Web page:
Gig of the year (of the century so far):
Swans; Bristol Academy
Albums of the Year:
1. Savages: Silence Yourself
2. XX: Coexist
3. Deap Vally: Sistronix
Michael Eavis is one of those inspiring fellows who just get on and do while others sit and prattle. He made our deanery synod in February a genuinely inspiring event, even though there were a number of folk there who couldn’t understand why a chap in his 70s would be interested in all this noisy popular music. He was thrilled that the Stones were just about to confirm their headlining slot and confessed that it was the rock music that attracted him most at his festival. I was agog at getting the chance to have a little chatette with him about Joe Strummer.
As ever the BBC coverage of Glastonbury was excellent. With the exception of the Stones gig, when it seemed as if the TV rights were only for the second half of the performance. It was a closing half that seemed jaded, tired, rambling and second-rate and perhaps didn’t give an adequate snapshot of the whole night.
Post- Glastonbury I spent a fair proportion of holiday time watching all the sets on the BBC website. There was plenty to enjoy, lots to experiment with and at least two bands which made a strong impression and whose performance led to me buying the album.
The first was the XX. I’d ignored them first time round because of the hype. I had heard Jamie X’s reworking of Gil Scott Heron’s wonderful I’m New Here and had been underwhelmed. But the live gig was eclectic and gentle and intense and far more feminine than I had been expecting. So I bought Coexist and was hooked. It has a languor that is dripping with delicate intimations of loss and sensual gleaming. There is a steeliness to its rhythms that is quite mesmerising.
There is feminine and there is feisty. Deap Vally were great fun at Glastonbury. Sistronix has a dramatic, bouffant decadence to it that is funny and fractious and fired-up. Two girls with guitars, it has much in common with an all-female White Stripes but with a younger, less bound to the history of rock, feel to it. Songs like ‘Walk of Shame’, ‘Creeplife’ and ‘Bad for my Body’ storm across the stage with a swagger and a waggle and a totally in control stiletto stamp.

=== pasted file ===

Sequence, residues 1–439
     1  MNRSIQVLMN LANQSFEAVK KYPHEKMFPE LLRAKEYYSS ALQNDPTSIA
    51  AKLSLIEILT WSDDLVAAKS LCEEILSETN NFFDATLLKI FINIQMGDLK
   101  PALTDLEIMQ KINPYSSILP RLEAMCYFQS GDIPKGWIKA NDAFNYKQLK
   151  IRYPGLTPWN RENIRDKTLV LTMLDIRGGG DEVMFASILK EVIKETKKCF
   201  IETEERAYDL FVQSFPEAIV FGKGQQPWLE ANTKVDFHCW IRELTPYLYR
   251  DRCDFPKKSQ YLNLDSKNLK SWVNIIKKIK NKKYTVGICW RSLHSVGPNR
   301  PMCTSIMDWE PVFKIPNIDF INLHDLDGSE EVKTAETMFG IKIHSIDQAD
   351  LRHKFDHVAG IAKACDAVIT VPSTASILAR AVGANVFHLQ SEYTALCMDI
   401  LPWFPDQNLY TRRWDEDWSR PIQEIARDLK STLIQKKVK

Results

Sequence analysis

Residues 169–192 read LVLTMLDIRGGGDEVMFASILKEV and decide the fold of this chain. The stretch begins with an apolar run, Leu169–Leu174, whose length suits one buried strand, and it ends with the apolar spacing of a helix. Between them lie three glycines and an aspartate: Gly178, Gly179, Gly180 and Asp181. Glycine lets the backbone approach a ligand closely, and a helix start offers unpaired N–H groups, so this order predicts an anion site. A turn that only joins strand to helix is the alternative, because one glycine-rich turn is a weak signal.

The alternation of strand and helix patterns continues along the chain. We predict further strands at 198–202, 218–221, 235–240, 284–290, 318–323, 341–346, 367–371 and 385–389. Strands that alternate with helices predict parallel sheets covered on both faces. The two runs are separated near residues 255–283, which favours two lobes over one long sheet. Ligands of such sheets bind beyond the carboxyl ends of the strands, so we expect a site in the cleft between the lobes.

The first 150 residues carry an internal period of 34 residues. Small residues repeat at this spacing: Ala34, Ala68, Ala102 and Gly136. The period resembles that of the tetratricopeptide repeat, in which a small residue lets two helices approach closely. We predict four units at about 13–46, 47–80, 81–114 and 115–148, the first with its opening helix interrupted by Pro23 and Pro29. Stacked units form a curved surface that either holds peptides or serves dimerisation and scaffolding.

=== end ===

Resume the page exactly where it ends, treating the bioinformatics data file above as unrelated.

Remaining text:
Savages set at Glastonbury was sharp and brutal. I’d already picked up their debut album Silence Yourself and was totally won over by their intelligent punk sound – a British twist on Sonic Youth and Sleater Kinney with the youthful energy of true punk and the dynamism to push beyond any formula. The spiky essence of Siouxsie Sioux circa 1979 claws just beneath the skin. And there’s nothing wrong with that. A wonderful album – my pick of the year.
Bubbling under were MIA’s latest Matangi which recovered some of the ingenuity and intelligence and mind-twisting of Arular and Anna Calvi’s One Breath which felt more accomplished, less blatantly noisy and more mainstream than her fiery first album.
Two 2012 albums which only reached me a year late were Smoke Fairies Blood Speaks’– more gently rocky than the dark folk of ‘Through Low Light and Trees’ and Swans We Rose From Your Bed With The Sun In Our Head a two disc set that mixed live performance with old material and new tracks from the studio album The Seer, released at the same time. The Seer is a masterpiece, We Rose… more like an exercise in development, but it is mature Swans with Gira’s experienced eye looking back over past creations and also gives a taste of the live experience of the band.
Because it was Swans live that was my gig of the year. I’ve blogged extensively about their May gig in Bristol, and PiL at the same venue later on. Both gigs were gripping and transformative. Both Gira and Lydon are cut from the same non-conformist cloth and are of similar ages. Lydon has the gold dust of celebrity fogging his past, but he is still and acerbic and challenging performer who does his best to deliver an entertaining but uncompromising set. Having The Selecter as his support act was masterful. The energy, the rhythms, the black history and the sense of the outcasts making their own destiny which The Selecter’s jumping, jiving music offered was carried over into Public Image’s fury at the injustice of society. There was wit in both bands, particularly in Lydon’s performance.
Public Image were loud. But Swans nearly blew the building away. Theirs is the music of ancient, elemental rites. They snap and re-connect synapses in ways which are both disturbingly new and a distillation of the primordial. The Seer, live, was liturgical and livid, a wash of music that was drowning and cleansing, dredging the deepest darkness to raise and polish and release the tiniest slivers of light. So beautiful, so painful and so totally draining that it felt like a rite of passage, a spotlight on all that is broken in this world and a re-birth of purity, passion and possibility.